This Week in Milwaukee
Drugs Dragons, Broken Social Scene and Muse
Thursday, Sept. 30
Banned: Taboo Books, Bites and Libations@ Great Lakes Distillery, 5-9 p.m.
celebrates “Banned Books Week” with a fund-raiser for local libraries
to replace frequently stolen controversial books. The event includes
free distillery tours, a book-themed silent auction, a cash bar and
samples of two oft-banned delicacies: raw-milk cheese and absinthe.
Friday, Oct. 1
Drive-By Truckers @ The Pabst Theater, 9 p.m.
Ga., rockers the Drive-By Truckers followed up 2008’s revelatory
Brighter Than Creation’s Dark, a stripped-down and largely acoustic
album recorded after guitarist Jason Isbell left the band, with this
year’s The Big To-Do, one of the group’s most rocking albums yet, a disc
that displays particular debt to the roots rock of Tom Petty. Drive-By
Truckers continually fluctuate between rowdy Southern rock and sensitive
alt-country, but the constant is the bittersweet songwriting of
Patterson Hood and Mike Cooley, both of who pen simple but touching
tales of common people trying their best to do the right thing. This
show is presented in conjunction with Saturday’s Farm Aid concert.
WMSE Food Slam @ The Grohmann Museum, 6 p.m.
annual Food Slam fund-raiser relocates this year from the recently
closed Eisner Museum to another museum, the Grohmann, at 1000 N.
Broadway. The event is otherwise unchanged: It’s still perhaps the
least-stuffy food tasting in the city, with WMSE DJs spinning records as
patrons sample food and drink from more than 25 local restaurants,
including Molly Cool’s Seafood Tavern, Motor, Hotch-a-do, Trapiche,
Blue’s Egg, Beans & Barley and Simma’s Bakery. The $30 admission
includes all you can eat and access to the event’s silent auction, with
arts, crafts, gift certificates and tickets up for bid.
Saturday, Oct. 2
scuzz-rockers Drugs Dragons follow up a self-released 7-inch with a
self-titled full-length debut on Milwaukee’s rock clearinghouse Dusty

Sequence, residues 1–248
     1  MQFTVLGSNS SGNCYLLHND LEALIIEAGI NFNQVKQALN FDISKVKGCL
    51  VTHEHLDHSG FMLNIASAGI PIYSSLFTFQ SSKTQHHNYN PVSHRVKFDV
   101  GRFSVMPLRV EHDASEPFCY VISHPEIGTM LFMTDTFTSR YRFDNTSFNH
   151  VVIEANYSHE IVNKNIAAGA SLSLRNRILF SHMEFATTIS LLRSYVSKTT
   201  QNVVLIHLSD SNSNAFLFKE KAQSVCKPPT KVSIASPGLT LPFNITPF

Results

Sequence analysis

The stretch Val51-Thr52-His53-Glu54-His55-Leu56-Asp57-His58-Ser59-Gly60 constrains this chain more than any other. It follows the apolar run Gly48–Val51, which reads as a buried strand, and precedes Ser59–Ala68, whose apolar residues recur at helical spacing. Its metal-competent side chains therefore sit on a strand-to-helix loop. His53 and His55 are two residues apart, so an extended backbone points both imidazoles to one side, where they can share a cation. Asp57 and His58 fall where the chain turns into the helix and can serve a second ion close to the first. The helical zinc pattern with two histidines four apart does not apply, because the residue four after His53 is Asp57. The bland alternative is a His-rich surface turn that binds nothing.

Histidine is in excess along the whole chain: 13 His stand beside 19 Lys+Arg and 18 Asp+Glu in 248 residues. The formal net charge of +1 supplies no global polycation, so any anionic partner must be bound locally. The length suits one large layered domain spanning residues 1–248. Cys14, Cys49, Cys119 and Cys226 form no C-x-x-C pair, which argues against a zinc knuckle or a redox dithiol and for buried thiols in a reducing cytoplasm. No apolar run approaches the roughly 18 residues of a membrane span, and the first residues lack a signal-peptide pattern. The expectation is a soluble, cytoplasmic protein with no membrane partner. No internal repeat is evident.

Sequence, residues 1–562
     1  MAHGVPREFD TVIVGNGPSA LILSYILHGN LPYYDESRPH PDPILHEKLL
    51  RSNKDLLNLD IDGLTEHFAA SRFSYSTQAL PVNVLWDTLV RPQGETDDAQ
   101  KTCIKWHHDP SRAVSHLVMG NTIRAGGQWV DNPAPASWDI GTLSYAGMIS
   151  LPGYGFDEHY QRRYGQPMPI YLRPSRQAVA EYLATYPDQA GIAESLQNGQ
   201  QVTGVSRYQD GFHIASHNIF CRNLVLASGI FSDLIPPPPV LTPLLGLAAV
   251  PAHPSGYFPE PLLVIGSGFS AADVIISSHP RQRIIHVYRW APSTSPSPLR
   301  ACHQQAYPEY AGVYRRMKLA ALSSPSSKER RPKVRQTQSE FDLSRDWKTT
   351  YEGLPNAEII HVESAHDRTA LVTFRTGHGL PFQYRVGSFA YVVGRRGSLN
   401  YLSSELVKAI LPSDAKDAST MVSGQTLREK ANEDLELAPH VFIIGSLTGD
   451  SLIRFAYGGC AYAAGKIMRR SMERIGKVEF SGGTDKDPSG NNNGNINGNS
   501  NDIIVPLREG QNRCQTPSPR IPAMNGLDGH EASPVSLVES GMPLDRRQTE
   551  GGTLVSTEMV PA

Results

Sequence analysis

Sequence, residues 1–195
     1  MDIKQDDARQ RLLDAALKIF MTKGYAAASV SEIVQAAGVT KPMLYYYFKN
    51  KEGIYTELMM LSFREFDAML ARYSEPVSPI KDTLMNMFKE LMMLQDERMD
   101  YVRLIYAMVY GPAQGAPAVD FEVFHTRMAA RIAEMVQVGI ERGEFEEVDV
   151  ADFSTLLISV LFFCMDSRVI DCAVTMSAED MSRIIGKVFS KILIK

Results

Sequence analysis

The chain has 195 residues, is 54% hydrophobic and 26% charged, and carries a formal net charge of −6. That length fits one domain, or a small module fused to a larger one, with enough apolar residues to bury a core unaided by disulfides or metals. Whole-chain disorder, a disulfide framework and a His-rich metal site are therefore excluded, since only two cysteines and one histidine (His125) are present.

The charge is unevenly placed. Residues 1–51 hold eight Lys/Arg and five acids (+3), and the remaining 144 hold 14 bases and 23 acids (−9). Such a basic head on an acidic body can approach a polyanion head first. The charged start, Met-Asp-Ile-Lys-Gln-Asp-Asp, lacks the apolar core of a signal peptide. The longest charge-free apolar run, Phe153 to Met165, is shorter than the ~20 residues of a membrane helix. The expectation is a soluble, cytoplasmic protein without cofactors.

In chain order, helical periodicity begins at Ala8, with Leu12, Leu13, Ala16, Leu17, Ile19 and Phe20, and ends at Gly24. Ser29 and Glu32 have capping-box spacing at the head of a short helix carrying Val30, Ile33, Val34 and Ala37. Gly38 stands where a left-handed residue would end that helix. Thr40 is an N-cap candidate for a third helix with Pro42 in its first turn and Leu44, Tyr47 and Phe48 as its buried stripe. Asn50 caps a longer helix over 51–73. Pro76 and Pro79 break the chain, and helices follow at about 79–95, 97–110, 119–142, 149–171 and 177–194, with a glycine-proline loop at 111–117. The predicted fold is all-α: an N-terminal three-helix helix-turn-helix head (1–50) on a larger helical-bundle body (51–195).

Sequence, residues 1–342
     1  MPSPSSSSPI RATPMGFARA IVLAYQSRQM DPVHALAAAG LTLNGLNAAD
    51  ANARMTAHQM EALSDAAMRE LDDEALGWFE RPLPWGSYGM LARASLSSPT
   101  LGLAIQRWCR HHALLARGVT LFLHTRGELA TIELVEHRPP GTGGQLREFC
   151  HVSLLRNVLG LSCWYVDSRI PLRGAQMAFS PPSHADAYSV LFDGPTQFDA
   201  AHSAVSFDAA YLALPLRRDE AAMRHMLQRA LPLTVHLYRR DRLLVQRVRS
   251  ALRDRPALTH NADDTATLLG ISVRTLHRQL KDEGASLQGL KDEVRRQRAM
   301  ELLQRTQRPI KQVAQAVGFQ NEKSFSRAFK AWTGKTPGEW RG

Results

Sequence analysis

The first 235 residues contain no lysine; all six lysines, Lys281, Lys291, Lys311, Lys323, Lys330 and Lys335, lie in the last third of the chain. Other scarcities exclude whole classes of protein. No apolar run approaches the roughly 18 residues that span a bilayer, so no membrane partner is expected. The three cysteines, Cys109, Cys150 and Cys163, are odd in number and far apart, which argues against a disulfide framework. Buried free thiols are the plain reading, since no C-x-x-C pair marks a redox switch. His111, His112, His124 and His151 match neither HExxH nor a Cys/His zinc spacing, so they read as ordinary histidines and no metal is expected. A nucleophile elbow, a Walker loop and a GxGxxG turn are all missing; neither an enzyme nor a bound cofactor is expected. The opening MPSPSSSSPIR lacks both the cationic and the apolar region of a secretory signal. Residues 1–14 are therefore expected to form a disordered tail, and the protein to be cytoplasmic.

Medical at tonight’s release show. Like the band’s 7-inch, Drugs Dragons
chugs along in the spirit of AC/DC’s beer-swilling hard rock, but the
full-length digs even deeper into horror-punk and shock-rock influences.
Traces of The Misfits, The Cramps and Alice Cooper run through these
confrontational songs about deformed freaks, monsters, grave dwellers
and flesh eaters.
Eels w/ Jesca Hoop @ The Pabst Theater, 8 p.m.
Eels last played the Pabst Theater four years ago, they were touring
behind a languid, drum-less live album called Eels With Strings: Live at
Town Hall, yet to the surprise of the audience, they delivered a
balls-out rock ’n’ roll show that played like an extended Motrhead
homage. It just goes to show you never know what to expect from
singer/song-writer Mark Oliver Everett’s curveball-throwing alt-rock
band, which has been especially prolific in the past two years,
releasing a three-album trilogy of songs about “desire, loss and
redemption.” Though Eels albums sometimes suffer for Everett’s
prolificacy, the group’s newest disc, Tomorrow Morning, is their
strongest in years.
Sunday, Oct. 3
the five-year gap between Broken Social Scene’s self-titled 2005 album
and the group’s new Forgiveness Rock Record, the band was plenty
active during that time. As sometimes band member Leslie Feist enjoyed
solo stardom, other members recorded with sister bands like Stars,
Metric, The Weakerthans, Do Make Say Think and Apostle of Hustle, while
members Kevin Drew, Brendan Canning and Jason Collett recorded
notso-solo solo albums with help from their Broken Social Scene peers.
Forgiveness Rock Record is a more controlled effort than the band’s
wild 2005 album, with more overt post-rock undertones, perhaps a
testament to the influence of John McEntire, who produced the record.
McEntire joins the band on tour as the drummer for opening act The Sea
and Cake, a longtime fixture of Chicago’s jazz-inspired post-rock
Monday, Oct. 4
Strand of Oaks w/ Golden Coins and Wolfgang Schaefer @ Cactus Club, 8 p.m.